Last Wednesday, the Dow Jones Industrial average fell 800 points. That’s fourth largest one day point drop ever. The drop was fueled by the fear that a recession is coming. That perception is likely wrong.
Even if the economy is slowing, it’s the Federal Reserve’s Monetary Policy that is the primary cause. Fortunately the FED has changed direction.
The trigger for the large drop in the stock market was the inverted yield curve. This happened just prior to the last seven recessions. But every time the yield curve inverts, a recession does always follow.
What is an inverted yield curve?
Because interest rates and yields reflect risk, long term rates should always be higher than short term rates, simply because the longer the bondholder’s money is invested, the more risk that is incurred. That’s a normal yield curve.
When long term rates are lower than short term rates, the yield curve has inverted.
Last Wednesday that happened.
Investors who are more uncertain today than in the past, quickly reacted to this news by selling off stocks. They believed that a recession is coming in the near future. If they are correct, corporate profits will fall and stock prices will follow.
So investors looked to sell now before stock prices fall significantly.
Is a recession coming anytime soon?
The short answer is no. Even if the yield curve is signaling recession, history indicates that a recession followed about two years after the yield curve inversion. A recession is likely even further away that two years.
In fact, had the FED not been so aggressive with their interest rate policy, the economy might be growing at a 4% rate today.
From the time of President Trump’s election in 2016 until the end of 2018, the FED raised interest rates 8 times. While short term interest rates were near zero at the time, the rapid increase in rates tended to slow economic growth.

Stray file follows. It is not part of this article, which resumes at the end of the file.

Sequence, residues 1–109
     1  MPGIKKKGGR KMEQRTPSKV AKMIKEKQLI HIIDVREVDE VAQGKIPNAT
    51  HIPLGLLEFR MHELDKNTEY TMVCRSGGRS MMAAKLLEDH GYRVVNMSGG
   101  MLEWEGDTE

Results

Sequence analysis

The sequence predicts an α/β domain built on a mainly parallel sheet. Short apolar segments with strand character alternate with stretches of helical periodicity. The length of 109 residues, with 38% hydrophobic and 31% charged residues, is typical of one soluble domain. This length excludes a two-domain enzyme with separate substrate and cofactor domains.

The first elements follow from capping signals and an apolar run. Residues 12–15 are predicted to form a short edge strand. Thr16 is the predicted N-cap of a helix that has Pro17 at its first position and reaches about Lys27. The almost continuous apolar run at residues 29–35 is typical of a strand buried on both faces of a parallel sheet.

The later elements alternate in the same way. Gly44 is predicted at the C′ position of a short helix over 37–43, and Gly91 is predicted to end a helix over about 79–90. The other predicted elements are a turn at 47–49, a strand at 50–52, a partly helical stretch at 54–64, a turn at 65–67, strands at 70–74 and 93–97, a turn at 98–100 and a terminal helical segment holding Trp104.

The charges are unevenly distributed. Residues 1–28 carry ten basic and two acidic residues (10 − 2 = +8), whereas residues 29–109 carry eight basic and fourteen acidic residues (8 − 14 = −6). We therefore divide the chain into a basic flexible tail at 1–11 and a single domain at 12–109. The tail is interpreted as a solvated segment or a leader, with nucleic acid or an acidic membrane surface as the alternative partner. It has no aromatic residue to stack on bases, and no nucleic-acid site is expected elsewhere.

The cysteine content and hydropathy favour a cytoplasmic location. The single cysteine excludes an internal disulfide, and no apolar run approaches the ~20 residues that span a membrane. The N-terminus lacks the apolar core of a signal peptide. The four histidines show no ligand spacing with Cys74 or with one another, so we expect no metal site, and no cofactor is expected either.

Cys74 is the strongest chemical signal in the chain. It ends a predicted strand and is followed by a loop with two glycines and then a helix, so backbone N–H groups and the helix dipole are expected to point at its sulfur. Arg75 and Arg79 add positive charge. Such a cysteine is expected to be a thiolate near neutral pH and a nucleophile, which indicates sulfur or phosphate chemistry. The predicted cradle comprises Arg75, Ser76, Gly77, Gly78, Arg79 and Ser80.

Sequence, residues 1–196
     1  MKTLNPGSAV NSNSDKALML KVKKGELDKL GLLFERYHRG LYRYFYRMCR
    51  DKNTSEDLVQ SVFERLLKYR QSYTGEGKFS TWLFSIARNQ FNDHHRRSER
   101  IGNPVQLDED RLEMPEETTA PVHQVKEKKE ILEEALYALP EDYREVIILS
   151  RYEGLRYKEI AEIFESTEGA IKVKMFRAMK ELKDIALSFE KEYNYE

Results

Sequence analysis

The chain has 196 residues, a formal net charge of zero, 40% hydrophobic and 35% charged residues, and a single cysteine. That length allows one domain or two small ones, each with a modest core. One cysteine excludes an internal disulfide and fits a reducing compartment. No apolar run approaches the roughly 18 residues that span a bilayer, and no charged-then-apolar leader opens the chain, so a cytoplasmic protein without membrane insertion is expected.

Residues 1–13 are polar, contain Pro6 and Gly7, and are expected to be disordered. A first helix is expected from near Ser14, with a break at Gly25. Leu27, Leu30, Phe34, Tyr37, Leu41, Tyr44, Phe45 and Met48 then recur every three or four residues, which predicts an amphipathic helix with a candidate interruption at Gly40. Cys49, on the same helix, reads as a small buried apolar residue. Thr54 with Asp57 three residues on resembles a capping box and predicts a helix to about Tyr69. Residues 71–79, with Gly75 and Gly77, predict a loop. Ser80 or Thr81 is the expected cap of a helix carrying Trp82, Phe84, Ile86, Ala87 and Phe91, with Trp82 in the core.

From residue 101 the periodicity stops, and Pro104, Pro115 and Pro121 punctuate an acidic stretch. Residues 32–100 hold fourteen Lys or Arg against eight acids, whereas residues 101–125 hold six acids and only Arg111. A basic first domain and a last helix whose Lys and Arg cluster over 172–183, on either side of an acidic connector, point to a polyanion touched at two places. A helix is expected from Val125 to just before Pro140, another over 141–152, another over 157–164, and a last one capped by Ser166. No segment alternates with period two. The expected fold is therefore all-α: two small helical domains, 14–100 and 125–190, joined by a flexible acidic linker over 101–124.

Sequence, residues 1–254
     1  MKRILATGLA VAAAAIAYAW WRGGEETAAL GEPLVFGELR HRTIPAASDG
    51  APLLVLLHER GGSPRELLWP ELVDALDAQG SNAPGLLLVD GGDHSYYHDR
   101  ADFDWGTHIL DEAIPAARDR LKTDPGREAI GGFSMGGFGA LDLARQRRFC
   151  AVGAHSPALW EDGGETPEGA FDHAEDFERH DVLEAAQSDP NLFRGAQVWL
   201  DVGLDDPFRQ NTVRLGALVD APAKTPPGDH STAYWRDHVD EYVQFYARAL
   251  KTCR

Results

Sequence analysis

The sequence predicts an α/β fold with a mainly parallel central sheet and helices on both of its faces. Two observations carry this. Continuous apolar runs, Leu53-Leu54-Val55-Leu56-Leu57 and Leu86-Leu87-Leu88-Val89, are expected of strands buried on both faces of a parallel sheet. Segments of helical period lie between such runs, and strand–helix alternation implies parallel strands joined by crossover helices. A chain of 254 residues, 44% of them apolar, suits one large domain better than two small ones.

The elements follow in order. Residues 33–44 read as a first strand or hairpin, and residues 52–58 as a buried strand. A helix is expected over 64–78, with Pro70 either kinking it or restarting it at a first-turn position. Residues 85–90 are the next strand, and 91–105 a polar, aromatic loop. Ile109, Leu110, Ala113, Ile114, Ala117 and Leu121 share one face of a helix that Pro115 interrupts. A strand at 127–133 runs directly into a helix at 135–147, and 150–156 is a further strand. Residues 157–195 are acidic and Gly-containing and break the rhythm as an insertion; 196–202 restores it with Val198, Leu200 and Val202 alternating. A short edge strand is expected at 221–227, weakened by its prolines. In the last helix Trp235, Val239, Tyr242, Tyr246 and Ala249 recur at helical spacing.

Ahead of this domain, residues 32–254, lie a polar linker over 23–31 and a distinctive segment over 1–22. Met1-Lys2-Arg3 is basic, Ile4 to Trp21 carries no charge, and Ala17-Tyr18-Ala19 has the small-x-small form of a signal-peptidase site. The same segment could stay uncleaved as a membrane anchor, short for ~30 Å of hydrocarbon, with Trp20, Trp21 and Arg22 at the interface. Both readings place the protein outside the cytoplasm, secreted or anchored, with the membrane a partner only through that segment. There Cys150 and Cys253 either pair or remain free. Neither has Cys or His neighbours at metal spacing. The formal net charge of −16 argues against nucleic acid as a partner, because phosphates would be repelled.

Trump’s primary economic policy goal is economic growth, which is exactly what it should be. Prior to Trump, the economy hadn’t seen a 3% annual growth rate since 2005. We haven’t had 4% annual growth since 2000. That’s the longest period of economic stagnation ever.
President Trump removed growth stifling and counter-productive regulations. He also convinced Congress to reduce tax rates for all Americans and for corporations.
Additionally, he convinced Congress to repeal the portions of the Dodd-Frank bill that limited banks ability to make loans. These actions increased economic growth.
Trump’s actions would have led to growth rates approaching 4% annually, had the FED not been so aggressive. At the end of 2018, the FED signaled more rate hikes were coming. Fortunately they have reversed that policy. Last month they reduced short term rates by ¼%.
They should have reduced rates by ½%. Had they done that, the inversed yield curve would not have happened.
In other words, the yield curve is inverted not because long term rates are low, but rather because short term rates are too high.
While we can debate whether Trump’s style is effective (he called FED chairman Powell “clueless”), Trump’s message is correct. The FED increased interest rates too quickly and they should reverse their actions especially considering there is no sign of a over-heated, inflationary economy.
Even though annual wages increases exceed 3%, this is not inflationary. That’s because worker productivity is exceeded 3.5%. As long as productivity increases exceed wage increases, labor costs will fall not rise.
Additionally Trump’s tax cut was supply-side oriented meaning any increase in market demand can be met with an increase in supply, so there is no upward pressure on prices.
President Trump’s economic policy has resulted in increased economic growth, low inflation, historically low unemployment and more opportunity especially for lower income workers.
If the Federal Reserve would be more accommodating, growth can increase more and bring more positive results.
The Fed should move to reduce rates and they should do it quickly. A ½% rate cut in September is just what the economy needs. Let’s hope the FED sees it that way.
Dr. Michael Busler, Ph.D., is a public policy analyst and a professor of finance at Stockton University in Galloway, New Jersey, where he teaches undergraduate and graduate courses in finance and economics. He has written op-ed columns in major newspapers for more than 35 years. www.facebook.com/fundingdemocracy @mbusler